The "Shepherd's Calendar," a series of tales which had originally appeared in Blackwood's Magazine, was in 1829 presented to the public in a collected form; and in 1831 be published a pretty little volume, containing some of his earlier and best songs, with a kind of running commentary critical and biographical.

In 1832 was produced the first volume of an intended series of traditionary stories, collected among the Altrive peasantry, and entitled "Altrive Tales." The publication was to have extended to about twelve volumes, but on account of the failure of his publishers, Messrs Cochrane and Co. the above named portion has alone appeared. Prefixed to this volume, which principally contains reminiscences of his own life, is a portrait of the Shepherd (aged 60) by Charles Fox, but not a very correct likeness.

Shortly after this "A Queer Book" made its appearance, containing twenty-six miscellaneous poems, some of which had appeared in Blackwood.

It was in the winter 1831-2 Mr. Hogg visited London, was made a lion of in the metropolis, and during his stay mixed in the highest and best society; but, as we have said, his publisher failing, he was driven to the necessity of throwing himself upon his friends for temporary assistance, a subscription was raised, and a hundred pounds quickly transmitted him.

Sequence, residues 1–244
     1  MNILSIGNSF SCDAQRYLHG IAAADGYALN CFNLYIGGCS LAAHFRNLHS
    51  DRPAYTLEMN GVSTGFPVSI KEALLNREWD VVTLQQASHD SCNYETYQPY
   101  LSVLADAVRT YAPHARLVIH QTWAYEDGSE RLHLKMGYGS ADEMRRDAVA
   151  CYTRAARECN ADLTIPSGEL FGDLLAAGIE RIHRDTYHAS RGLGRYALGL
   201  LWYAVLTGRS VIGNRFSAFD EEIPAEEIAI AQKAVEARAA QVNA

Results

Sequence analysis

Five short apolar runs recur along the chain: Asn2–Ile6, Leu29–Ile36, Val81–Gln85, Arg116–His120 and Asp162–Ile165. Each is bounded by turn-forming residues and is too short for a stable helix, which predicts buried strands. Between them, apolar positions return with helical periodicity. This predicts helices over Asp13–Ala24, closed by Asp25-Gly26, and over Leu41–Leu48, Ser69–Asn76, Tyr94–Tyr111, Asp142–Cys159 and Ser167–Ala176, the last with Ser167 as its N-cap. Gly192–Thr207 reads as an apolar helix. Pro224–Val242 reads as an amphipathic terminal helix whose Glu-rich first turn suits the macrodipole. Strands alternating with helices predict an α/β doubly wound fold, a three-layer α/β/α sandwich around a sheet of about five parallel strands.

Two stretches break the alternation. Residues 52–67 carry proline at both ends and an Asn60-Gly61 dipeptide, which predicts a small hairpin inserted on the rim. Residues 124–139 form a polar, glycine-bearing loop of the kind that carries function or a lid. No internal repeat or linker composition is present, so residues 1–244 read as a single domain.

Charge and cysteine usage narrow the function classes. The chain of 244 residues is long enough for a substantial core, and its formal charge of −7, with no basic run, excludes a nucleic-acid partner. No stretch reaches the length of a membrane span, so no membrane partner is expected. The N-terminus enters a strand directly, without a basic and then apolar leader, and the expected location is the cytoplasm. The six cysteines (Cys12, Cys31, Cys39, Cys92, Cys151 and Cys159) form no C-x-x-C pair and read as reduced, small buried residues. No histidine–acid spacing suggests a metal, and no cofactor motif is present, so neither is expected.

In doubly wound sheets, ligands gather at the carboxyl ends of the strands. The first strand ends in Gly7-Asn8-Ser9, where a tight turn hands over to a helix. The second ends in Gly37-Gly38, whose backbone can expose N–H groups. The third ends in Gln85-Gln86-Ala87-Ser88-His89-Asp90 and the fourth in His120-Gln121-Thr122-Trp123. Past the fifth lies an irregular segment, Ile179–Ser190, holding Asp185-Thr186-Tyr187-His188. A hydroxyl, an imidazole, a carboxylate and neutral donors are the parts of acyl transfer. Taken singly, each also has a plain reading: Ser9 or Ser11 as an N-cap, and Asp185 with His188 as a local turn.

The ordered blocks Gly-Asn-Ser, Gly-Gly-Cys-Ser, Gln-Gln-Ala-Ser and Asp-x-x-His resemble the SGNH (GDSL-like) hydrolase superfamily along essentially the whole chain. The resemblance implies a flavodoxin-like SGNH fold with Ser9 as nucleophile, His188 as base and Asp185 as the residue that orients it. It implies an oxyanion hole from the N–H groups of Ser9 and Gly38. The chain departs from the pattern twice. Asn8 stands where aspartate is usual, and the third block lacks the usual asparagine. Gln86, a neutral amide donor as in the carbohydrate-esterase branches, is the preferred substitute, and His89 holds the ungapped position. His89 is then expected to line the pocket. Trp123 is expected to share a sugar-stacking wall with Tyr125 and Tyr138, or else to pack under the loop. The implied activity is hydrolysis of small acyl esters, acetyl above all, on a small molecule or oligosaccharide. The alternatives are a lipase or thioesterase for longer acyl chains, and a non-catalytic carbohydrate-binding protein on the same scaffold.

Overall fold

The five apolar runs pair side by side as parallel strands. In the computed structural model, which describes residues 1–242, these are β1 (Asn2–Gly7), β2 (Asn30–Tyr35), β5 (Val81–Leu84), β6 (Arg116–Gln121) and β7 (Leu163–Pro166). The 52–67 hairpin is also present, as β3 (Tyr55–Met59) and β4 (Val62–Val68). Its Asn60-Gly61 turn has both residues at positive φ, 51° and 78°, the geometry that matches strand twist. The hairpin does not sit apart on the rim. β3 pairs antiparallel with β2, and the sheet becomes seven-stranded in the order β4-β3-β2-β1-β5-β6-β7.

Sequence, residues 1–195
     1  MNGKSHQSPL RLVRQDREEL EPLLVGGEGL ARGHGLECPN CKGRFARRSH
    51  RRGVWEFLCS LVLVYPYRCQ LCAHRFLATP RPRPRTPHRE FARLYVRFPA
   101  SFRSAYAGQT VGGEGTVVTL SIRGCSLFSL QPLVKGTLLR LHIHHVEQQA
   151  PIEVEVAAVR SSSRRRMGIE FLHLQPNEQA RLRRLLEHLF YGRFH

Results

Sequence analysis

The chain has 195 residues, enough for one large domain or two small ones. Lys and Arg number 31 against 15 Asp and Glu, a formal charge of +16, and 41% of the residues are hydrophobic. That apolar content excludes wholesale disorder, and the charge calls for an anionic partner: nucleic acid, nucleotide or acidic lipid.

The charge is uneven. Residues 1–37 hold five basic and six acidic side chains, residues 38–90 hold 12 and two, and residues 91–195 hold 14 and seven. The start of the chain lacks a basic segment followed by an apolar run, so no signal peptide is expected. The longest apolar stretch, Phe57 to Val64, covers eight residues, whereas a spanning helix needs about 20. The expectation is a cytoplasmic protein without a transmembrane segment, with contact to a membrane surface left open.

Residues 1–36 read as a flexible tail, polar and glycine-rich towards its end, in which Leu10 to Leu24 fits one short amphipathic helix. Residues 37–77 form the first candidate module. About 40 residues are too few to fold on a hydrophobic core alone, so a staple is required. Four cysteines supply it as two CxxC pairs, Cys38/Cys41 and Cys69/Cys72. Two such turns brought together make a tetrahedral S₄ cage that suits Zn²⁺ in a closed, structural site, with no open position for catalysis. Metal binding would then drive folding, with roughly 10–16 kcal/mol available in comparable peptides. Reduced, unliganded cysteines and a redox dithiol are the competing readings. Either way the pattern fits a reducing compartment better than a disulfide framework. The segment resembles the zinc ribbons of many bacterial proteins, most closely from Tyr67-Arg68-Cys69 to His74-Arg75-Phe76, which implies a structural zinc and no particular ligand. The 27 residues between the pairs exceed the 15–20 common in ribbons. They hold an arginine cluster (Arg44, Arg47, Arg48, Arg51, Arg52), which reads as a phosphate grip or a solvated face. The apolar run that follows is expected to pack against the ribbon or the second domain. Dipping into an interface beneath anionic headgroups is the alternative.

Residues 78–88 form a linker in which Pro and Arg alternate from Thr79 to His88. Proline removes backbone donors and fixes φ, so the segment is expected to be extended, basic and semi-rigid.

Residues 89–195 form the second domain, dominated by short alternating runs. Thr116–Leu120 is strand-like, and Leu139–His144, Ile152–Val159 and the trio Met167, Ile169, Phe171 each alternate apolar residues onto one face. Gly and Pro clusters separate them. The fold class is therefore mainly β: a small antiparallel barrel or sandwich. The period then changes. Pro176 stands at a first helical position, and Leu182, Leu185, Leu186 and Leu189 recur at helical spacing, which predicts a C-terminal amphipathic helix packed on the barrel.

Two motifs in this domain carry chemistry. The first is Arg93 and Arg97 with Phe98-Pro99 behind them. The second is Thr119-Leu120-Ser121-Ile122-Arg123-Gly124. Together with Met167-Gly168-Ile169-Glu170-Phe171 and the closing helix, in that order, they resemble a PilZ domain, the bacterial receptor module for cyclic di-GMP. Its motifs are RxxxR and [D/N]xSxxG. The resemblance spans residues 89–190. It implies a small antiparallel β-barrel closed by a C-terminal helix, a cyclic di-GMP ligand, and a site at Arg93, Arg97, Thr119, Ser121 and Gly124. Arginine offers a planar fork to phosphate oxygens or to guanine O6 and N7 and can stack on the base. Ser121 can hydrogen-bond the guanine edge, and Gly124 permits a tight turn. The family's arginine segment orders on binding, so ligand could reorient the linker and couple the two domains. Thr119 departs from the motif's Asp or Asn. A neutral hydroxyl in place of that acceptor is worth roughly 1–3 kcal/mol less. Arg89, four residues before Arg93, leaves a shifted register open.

In the course of the year 1834, he astonished the world by the publication of a volume of "Lay Sermons," which contain much sound good sense; and we are informed he was the editor of an edition of Burns's Life and Poems, published by Fullarton of Glasgow, but we hope this was not the fact; for, if the annotations we have read and heard attributed to him, were really his, we have no hesitation in saying he should have blushed to own himself the inventor of them.